I don’t think so. I think even a sizable auto maker doesn’t spend that much on R&D in a year, unless the “D” part of that includes tooling up costs for new models of PEVs (Plug-in EVs). As I understand it, even the largest auto makers typically develop only about 5 new models at the same time, and Jaguar isn’t that big an auto maker.

With that level of investments, they’re probably looking at building factories for battery cells or at least battery pack assembly, and converting one or more auto assembly plants to specialize in producing PEVs.

Just my opinion, of course.

“As I understand it, even the largest auto makers typically develop only about 5 new models at the same time”

That depends on what you consider “a new model” Like GM with the Sierra/Silverado, which is more then a dozen specific models, and draws on the best and brightest GM has. Programs like this GM would have just a couple at a time, but something like the Bolt, which was a very small team, and a car destined for low/medium production GM could have many similar programs going through R & D at the same time.

Grace pace space
Cant think of another core brand that is better suited to bev.
Only jag and volvo have announced a phase out of fossil r&d not just added electrification.

I guess you’ll see Aston Martin with them soon. It cost a lof of money to develop new internal combustion engines. Small companies with low volume sales are probably better off going electric as soon as they need a new ICE generation.
Small companies have usually bought engines from the likes of BMW, Mercedes and so on, or continued with small improvements of an existing Rover / Land Rover Jaguar engine.

Yes, Aston announced some time ago that they’re going electric. The Rapid-e is due soon, followed by at least one EV Lagonda. Not forgetting the Valkyrie project. Regular cars will develop PHEV’s over time, then EV options. Expect them to keep their ICE options too though, they’ve not long collaborated with (and sold some shares to) Mercedes group, plus Aston appreciates that a car needs a soul and no EV will ever have the soul of a V8 or V12.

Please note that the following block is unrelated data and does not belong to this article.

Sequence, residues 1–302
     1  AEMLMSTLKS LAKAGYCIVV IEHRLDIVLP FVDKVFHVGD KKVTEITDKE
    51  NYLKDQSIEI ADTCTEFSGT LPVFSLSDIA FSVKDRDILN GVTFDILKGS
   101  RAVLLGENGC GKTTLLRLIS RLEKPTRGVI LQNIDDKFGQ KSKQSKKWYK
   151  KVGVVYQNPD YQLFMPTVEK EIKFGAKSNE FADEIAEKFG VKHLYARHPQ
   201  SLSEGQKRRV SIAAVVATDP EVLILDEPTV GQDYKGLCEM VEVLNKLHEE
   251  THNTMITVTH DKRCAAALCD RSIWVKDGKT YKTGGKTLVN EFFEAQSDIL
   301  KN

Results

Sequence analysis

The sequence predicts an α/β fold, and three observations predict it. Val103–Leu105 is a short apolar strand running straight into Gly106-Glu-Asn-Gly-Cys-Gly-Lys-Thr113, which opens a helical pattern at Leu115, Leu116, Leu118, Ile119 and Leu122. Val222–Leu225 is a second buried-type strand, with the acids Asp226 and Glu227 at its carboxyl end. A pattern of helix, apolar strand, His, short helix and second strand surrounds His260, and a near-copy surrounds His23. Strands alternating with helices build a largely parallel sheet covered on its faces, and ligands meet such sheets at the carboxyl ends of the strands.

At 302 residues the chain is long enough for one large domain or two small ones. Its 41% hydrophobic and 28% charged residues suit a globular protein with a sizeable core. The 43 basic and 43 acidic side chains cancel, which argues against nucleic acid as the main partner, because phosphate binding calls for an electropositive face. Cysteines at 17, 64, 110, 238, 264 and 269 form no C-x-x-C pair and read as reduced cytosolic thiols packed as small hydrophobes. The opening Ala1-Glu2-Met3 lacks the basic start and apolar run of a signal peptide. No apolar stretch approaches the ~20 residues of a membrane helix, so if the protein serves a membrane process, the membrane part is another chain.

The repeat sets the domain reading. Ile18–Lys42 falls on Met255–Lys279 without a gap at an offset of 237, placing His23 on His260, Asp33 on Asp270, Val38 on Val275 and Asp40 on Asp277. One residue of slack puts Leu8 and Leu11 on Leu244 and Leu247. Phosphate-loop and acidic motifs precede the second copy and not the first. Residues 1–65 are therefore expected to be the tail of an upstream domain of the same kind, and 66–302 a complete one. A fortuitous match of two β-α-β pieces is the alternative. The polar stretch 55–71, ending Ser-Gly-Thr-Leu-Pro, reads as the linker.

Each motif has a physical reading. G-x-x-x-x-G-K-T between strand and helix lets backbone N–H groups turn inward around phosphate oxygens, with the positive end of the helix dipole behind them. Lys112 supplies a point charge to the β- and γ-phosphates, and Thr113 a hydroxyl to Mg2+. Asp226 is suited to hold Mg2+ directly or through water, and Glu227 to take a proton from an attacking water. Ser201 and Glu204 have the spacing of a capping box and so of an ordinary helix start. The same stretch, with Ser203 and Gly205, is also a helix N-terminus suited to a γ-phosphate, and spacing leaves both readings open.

I hope Jaguar is serious; $18 billion in only 3 years is a very serious investment!

Jaguar has made a very impressive entry into the BEV market, with its I-Pace. Here’s hoping they follow up on that with more well-built, compelling BEVs!

Go Jaguar!

That’s a bit like saying Porsche paid for the development of the latest VW Golf. They’re all one and the same. JLR is part of TATA group and they do share technology.

Information of their plans has been out there for a while now, it just seems like nobody on here seems to actually pay any attention to the automotive industry other than Tesla, unless there’s an opportunity to slate somebody else.

MLA platform means there’s going to be an XJ BEV and a Road Rover, among other things. JLR is investing massively into EV’s, as this article shows.

The investment in question is for all of Jaguar Landrover (a single company), not just the Jaguar brand, and I suggest you clarify the article title & elsewhere to reflect that. This is relevant, because the majority (IIRC >70%) of JLR vehicles are Land Rover SUVs, not Jags, and virtually all of them are Diesels.

The big problem company management has admitted to, and the reason for the accelerated investment, is that sales didn’t go as high as they expected in 2017, and the reason for that is that 87% of their output is Diesels — an unpopular choice these days.